The Planning Act etc. (2006) Scotland provided a great opportunity to take pre-application engagement to a new level. Provisions were made in the Development Management (planning applications) section of the act to improve community engagement. Prior to submitting a planning application developers are now required to undertake engagement with affected communities that is both “proportionate and meaningful” as discussed in our Blog last week.

Unfortunately, all the evidence that we, at Facilitating Change, have seen is that this improvement has not materialised.

What does “proportionate and meaningful” mean?

The legislation seems to be fit for purpose as it provides local planning authorities the opportunity to ensure that developers’ pre-application consultation with communities is “proportionate and meaningful”. However, we have yet to see any evidence of clear guidance which defines what “proportionate and meaningful” means. What is clearly defined in the legislation is the minimum consultation on a major development should be. Our evidence suggests that in most cases the developer and planning authority agree to the minimum consultation, which is not the intention of the legislation.

The History

Prior to the legislation being implemented in 2008, we raised concerns about the capability and capacity of local planning authorities to be able to enact this area of the new legislation. Unfortunately, these concerns have not been addressed over the last 7 years and we are now in the current situation.

So, what are we to do about it? I am reminded of one of my favourite phrases, “if we always do what we’ve always done we’ll always get the same results”. What needs to change… Here’s my radical proposal.

The Radical Idea

One option would be to create a centralised specialist body to deal with the pre-application consultation with communities’ aspects of the Planning Act.

The body would be responsible for:

  • Developing best practice with different industry sectors to give clear guidance to ensure that consultation on major developments is proportionate and meaningful and consistently applied throughout Scotland. Best practice models have been developed by industry sectors in the past so it is evidently possible.
  • Dealing with all Proposal of Application Notices (PANs) from developers and respond appropriately. In addition, they would receive developers’ Pre-Application Community Consultation (PACC) reports when the consultation is complete and advise planning authorities whether they should accept them before registering the developer’s planning application.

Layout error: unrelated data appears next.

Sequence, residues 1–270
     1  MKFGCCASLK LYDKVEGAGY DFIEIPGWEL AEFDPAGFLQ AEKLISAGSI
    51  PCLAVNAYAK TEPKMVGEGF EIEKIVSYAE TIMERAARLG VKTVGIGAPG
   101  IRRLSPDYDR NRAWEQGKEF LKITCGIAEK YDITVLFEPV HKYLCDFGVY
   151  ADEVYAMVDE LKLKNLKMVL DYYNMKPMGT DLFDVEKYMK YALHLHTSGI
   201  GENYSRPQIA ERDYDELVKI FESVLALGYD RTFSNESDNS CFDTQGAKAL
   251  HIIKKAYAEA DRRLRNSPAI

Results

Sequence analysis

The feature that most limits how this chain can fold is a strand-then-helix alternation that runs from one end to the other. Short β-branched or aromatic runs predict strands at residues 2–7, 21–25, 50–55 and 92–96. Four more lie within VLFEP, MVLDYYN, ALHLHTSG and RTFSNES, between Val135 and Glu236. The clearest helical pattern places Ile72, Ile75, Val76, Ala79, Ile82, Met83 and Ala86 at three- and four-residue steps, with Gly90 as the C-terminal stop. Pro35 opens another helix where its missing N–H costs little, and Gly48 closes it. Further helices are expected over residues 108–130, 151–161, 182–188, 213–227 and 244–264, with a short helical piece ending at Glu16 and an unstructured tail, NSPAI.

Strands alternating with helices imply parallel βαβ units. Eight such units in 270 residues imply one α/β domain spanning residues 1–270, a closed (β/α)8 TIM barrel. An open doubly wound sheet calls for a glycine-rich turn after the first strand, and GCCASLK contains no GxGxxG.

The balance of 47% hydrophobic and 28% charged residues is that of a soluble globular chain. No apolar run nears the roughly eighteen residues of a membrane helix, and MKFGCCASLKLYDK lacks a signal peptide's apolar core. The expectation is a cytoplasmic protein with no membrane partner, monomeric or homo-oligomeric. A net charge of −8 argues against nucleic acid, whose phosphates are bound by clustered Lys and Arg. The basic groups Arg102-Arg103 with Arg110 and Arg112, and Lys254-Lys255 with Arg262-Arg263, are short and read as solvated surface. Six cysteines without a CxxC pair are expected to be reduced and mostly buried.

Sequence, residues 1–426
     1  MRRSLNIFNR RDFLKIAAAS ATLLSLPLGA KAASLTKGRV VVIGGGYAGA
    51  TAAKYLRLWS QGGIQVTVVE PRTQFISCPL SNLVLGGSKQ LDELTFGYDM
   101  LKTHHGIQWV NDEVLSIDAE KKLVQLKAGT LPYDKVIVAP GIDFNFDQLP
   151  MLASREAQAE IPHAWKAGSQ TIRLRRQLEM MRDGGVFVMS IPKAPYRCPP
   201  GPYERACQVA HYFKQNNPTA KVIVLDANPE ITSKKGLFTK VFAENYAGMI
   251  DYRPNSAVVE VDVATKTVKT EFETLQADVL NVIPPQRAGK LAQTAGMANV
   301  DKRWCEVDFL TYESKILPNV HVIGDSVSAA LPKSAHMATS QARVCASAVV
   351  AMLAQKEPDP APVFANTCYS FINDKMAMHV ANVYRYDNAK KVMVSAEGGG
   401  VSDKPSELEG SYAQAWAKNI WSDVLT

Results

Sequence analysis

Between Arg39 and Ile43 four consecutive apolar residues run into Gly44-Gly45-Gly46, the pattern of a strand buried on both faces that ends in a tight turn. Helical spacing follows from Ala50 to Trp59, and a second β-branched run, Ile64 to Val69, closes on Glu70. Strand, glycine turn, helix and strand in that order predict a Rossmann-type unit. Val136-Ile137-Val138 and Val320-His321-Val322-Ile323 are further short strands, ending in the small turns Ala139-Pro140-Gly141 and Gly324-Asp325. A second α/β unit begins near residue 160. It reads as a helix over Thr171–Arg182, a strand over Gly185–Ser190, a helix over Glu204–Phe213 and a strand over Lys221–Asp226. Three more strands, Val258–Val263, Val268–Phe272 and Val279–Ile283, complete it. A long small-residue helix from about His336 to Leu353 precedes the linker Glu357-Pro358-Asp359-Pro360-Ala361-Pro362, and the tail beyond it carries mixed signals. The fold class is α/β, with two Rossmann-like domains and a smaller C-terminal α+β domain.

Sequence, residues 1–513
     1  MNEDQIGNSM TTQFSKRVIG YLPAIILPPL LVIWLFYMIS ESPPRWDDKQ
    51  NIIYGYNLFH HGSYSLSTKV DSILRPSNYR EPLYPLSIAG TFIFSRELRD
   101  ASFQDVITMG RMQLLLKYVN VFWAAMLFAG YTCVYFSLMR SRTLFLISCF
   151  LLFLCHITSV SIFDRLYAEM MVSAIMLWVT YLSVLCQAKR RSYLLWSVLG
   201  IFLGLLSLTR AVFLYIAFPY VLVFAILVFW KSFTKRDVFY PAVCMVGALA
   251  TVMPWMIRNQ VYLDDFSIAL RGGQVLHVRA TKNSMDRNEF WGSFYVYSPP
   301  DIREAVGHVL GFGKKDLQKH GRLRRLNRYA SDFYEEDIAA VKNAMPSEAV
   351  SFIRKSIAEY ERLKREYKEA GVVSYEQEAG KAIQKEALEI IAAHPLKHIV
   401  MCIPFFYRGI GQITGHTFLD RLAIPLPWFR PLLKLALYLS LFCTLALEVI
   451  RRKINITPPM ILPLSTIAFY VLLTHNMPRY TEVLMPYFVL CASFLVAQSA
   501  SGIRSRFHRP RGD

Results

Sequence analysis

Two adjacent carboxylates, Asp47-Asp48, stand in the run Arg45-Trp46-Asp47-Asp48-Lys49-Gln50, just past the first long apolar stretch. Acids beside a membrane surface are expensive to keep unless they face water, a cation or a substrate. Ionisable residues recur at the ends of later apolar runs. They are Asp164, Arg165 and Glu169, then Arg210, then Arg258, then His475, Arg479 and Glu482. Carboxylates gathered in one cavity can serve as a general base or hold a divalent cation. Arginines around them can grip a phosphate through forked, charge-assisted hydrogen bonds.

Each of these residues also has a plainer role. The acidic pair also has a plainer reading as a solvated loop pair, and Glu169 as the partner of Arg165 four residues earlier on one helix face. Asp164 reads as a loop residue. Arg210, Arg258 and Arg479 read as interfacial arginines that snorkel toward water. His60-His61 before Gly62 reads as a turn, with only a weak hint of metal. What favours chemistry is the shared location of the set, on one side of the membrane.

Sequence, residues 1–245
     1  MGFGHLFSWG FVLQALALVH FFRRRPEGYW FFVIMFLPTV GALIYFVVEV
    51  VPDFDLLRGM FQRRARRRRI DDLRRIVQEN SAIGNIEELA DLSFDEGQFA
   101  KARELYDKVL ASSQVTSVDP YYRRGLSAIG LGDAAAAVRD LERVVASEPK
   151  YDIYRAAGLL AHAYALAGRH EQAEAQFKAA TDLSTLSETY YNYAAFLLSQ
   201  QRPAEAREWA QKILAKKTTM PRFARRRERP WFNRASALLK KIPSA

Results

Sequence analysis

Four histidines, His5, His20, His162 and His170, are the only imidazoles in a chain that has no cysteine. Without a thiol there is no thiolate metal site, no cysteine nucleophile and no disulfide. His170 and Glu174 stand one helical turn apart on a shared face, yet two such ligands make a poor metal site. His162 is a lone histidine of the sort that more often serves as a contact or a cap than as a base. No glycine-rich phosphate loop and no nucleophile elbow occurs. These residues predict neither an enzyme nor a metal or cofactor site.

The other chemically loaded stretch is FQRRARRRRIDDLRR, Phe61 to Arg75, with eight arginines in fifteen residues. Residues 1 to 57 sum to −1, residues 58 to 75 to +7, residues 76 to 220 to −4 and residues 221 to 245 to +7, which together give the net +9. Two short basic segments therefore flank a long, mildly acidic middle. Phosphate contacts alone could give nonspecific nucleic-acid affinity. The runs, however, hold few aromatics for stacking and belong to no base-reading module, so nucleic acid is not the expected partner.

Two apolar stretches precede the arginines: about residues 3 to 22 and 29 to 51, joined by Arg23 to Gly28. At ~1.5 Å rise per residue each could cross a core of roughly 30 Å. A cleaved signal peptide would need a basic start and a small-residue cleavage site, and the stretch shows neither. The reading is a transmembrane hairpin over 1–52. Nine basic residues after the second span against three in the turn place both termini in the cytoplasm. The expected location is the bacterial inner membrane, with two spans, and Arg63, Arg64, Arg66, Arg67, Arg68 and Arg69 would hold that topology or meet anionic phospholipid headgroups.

• Providing clear guidance on how the PACC report should be presented.

Previous advice focuses on numbers of consultation events that need to be delivered (usually only one!) but going forward there needs to be thought on the different ways a developer should engage with community, both in terms of quality and quantity of engagement. There are many examples of developers engaging positively with communities and the aim of the advice given by the body should be to ensure these best practices are enshrined in the future responses to PANs submitted by developers.

We suggest that the consultation on all National and Major developments achieves a certain agreed standard. PAS, a Scottish organisation that provides planning advice, has developed a framework for carrying out engagement on projects called SP=EED (Scottish Planning = Effective, Engagement and Delivery). We suggest that all National and Major developments achieve at least ‘Level 2’ of SP=EED (or a similar model) before submitting a planning application.

Who would be represented on this central body?

We suggest representatives from the following disciplines:

  • Planners
  • Developers
  • Community Council Representatives
  • Community Engagement Specialists

We also suggest that the scope of the body covers not only engagement on national and major planning applications but also those applications which are currently dealt with by other Government departments (such as the Energy Consents Unit and Marine Scotland).

We would really like to hear your thoughts and comments on this subject, please get in touch in the comments section, by email, social media or phone.

This is our second chance to make our public engagement work – Let’s not waste the opportunity!

 

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